Let us now look at some details of the scheme in which this important idea is embodied. The foundation of the whole system is the daily burnt-offering - the tamid. Under the first Temple the daily offering seems to have been a burnt-offering in the morning and a meal-offering (minhah) in the evening, {2 Kings 16:15; cf 1 Kings 18:29; 1 Kings 18:36} and this practice seems to have continued down to the time of Ezra. {Ezra 9:5} According to the Levitical law it consists of a lamb morning and evening, accompanied on each occasion by a minhah and a libation of wine. {Numbers 28:3-8; Exodus 29:38-42} Ezekiel’s ordinance occupies a middle position between these two. Here the tamid is a lamb for a burnt-offering in the morning, along with a minhah of flour mingled with oil; and there is no provision for an evening sacrifice. {Ezekiel 46:14-15} The presentation of this sacrifice on the altar in the morning, as the basis on which all other offerings through the day were laid, may be taken to symbolise the truth that the acceptance of all ordinary acts of worship depended on the representation of the community before God in the regular service. To the spiritual perception of a Psalmist it may have suggested the duty of commencing each day’s work with an act of devotion:-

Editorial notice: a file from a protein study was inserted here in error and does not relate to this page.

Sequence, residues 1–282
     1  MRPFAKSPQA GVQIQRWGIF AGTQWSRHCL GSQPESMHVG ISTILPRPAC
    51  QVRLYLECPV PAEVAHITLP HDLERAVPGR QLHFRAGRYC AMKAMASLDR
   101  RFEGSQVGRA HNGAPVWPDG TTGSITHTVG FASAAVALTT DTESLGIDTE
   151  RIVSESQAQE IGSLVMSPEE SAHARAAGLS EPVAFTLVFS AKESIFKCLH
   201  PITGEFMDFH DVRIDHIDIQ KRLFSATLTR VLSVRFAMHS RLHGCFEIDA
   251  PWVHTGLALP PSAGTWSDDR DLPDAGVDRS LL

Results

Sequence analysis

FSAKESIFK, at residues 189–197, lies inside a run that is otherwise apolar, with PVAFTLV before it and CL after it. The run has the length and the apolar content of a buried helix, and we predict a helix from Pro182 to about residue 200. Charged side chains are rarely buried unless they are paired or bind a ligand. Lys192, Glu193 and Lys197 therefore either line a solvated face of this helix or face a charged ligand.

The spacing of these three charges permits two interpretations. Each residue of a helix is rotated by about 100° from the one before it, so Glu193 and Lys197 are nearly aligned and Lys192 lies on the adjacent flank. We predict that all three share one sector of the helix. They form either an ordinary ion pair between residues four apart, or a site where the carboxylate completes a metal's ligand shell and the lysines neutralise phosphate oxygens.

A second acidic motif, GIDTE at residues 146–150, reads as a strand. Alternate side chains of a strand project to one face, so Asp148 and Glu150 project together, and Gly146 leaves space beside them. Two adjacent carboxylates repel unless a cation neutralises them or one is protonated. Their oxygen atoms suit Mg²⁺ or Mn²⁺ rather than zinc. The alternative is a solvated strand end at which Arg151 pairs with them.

"Jehovah, in the morning shalt Thou hear my voice;

In the morning will I set [my prayer] in order before Thee, and will look out."

The offerings for the Sabbaths and new moons may be considered as amplifications of the daily sacrifice. They consist exclusively of burnt-offerings. On the Sabbath six lambs are presented, perhaps one for each working-day of the week, together with a ram for the Sabbath itself (Smend). At the new moon feast this offering is repeated with the addition of a bullock. It may be noted here once for all that each burnt sacrifice is accompanied by a corresponding minhah, according to a fixed scale. For sin-offerings, on the other hand, no minhah seems to be appointed.